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  • Definitions of Basic Technical Terms for Digital Microscope Cameras and Image Analysis

    Most microscopes today are operated with a camera. The characteristics of the camera often decide whether the acquired image will reveal what a researcher wants to see. But when diving into camera terminology, the technical terms can be overwhelming. We have compiled the most important terms with a concise explanation to provide orientation.
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  • What Makes sCMOS Microscope Cameras so Popular?

    sCMOS cameras are more sensitive and are capable of much higher acquisition speed than cameras with other sensor types. Even though CCD cameras are widely used in live cell imaging and time-lapse recordings, researchers are often concerned that their camera does not detect faint signals. In this interview, Dr. Karin Schwab, Product Manager at Leica Microsystems, talks about the characteristics of sCMOS cameras and how researchers benefit from the latest camera sensor technology.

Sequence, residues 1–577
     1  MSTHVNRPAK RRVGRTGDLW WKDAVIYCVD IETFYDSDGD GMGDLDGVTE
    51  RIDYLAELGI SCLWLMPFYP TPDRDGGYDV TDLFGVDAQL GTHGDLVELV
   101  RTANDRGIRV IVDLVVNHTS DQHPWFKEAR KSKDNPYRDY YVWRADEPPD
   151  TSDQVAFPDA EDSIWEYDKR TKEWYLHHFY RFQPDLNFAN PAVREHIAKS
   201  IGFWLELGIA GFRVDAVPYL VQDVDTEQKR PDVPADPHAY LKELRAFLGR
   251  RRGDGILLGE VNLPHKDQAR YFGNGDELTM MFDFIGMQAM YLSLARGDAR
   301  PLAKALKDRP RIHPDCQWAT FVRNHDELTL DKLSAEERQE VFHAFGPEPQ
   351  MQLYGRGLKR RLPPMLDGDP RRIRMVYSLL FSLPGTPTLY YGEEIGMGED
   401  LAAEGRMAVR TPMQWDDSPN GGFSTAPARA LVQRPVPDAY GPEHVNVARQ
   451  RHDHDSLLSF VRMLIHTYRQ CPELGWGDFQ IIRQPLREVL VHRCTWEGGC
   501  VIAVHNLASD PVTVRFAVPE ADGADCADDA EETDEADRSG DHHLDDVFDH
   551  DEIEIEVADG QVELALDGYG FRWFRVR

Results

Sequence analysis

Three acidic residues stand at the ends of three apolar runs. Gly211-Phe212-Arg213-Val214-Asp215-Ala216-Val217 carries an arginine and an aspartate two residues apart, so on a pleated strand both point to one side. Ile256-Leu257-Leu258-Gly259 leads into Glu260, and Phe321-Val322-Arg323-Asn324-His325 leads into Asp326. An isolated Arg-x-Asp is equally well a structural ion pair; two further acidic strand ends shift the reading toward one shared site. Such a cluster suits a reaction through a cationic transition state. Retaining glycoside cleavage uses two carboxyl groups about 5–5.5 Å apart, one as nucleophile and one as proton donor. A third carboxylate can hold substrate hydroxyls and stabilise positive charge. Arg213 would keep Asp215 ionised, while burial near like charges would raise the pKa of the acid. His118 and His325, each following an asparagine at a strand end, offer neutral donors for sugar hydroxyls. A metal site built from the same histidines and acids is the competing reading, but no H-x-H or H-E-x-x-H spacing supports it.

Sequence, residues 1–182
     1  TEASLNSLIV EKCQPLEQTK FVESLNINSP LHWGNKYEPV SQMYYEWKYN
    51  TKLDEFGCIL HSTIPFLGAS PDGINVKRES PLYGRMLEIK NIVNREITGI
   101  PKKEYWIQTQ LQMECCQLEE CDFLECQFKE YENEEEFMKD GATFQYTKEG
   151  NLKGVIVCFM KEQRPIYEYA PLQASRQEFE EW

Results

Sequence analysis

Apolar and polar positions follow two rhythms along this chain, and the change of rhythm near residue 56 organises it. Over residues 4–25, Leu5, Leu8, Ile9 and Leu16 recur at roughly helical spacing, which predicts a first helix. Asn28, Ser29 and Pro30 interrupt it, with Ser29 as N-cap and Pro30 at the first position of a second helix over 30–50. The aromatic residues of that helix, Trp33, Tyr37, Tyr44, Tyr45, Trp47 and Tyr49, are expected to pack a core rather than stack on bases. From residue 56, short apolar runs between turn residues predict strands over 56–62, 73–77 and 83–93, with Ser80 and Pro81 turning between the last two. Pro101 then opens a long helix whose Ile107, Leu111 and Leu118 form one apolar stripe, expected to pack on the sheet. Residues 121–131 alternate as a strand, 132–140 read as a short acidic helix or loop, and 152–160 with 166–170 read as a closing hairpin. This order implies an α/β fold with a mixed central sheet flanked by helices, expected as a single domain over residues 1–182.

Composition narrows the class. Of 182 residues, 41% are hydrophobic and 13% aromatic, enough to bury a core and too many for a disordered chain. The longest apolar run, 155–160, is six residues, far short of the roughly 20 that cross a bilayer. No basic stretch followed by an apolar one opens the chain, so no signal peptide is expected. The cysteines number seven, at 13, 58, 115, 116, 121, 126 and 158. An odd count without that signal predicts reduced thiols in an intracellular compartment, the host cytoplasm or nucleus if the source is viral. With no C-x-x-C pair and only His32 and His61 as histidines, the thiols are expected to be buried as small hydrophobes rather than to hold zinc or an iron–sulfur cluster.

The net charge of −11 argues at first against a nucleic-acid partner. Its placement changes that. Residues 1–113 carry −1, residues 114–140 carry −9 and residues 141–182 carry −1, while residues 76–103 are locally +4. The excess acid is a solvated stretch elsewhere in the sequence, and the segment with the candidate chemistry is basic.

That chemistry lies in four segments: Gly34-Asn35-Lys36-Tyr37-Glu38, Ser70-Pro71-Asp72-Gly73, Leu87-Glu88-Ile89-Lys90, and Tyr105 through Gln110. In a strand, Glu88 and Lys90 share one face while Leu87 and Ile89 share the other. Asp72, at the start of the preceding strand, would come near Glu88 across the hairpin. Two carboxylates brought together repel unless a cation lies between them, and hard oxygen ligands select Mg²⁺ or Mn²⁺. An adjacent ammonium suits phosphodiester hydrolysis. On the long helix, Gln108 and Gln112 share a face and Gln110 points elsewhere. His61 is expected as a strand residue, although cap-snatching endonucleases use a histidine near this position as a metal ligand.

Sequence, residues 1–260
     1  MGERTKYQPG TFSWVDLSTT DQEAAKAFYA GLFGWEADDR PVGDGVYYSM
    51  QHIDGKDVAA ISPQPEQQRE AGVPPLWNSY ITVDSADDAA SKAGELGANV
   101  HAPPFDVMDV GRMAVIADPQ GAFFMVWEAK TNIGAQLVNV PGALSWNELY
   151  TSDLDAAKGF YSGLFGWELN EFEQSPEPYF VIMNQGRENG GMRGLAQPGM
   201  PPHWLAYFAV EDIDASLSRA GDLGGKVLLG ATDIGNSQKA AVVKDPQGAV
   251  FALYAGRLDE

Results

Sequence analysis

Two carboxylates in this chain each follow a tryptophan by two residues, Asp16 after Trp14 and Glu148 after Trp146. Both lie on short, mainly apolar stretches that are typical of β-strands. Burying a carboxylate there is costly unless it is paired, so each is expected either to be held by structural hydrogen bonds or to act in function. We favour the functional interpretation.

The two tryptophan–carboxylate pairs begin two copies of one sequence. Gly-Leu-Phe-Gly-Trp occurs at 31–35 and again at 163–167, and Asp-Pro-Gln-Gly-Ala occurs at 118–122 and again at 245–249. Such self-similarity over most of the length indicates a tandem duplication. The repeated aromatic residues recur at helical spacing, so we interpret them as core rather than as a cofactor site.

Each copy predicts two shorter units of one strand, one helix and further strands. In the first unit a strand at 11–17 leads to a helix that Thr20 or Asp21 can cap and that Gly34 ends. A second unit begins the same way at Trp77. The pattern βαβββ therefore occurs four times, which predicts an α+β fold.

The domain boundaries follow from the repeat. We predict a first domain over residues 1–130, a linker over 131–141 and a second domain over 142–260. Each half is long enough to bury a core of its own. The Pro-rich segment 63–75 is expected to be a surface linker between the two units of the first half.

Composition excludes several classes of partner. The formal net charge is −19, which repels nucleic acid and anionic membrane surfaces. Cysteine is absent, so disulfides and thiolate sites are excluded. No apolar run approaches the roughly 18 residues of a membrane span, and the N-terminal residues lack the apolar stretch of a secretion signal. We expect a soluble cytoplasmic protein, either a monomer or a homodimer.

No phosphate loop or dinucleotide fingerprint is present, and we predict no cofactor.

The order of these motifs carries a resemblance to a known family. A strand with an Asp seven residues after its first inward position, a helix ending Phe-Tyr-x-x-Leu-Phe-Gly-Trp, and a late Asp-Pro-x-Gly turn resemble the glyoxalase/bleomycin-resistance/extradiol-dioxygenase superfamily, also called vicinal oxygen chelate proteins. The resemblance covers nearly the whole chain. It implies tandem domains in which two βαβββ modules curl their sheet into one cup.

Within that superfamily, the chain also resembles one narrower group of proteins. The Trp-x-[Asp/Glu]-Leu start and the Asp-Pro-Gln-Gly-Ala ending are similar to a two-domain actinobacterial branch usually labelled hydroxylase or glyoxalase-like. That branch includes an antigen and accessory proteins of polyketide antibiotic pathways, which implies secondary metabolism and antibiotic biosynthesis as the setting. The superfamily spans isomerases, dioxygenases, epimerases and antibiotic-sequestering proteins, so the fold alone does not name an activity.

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  • Introduction to Digital Camera Technology

    A significant majority of modern optical microscopy techniques require the use of a digital camera. By working with digital devices researchers can observe specimens on a screen in real time or acquire and store images and quantifiable data. Here we introduce the basic principles behind digital camera technologies commonly encountered in scientific imaging.
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  • Towards Digital Photon Counting Cameras for Single-molecule Optical Nanoscopy

    A SPAD array camera with single-photon sensitivity and zero read-out noise allows for the detection of extremely weak signals at ultra-fast imaging speeds. With temporal resolution in the order of micro-seconds, a SPAD array camera offers great potential for live-cell imaging with super-resolution.
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  • Digital Camera Technologies for Scientific Bio-Imaging

    This four-part series of articles published in Microscopy and Analysis covers the factors to consider in choosing a camera among CCD, EMCCD, and scientific-grade CMOS camera technologies for biological imaging applications. The differences among the sensor architectures and the impact of parameters such as pixel size, noise, and QE on signal-to-noise performance, image quality, and Nyquist sampling are considered.
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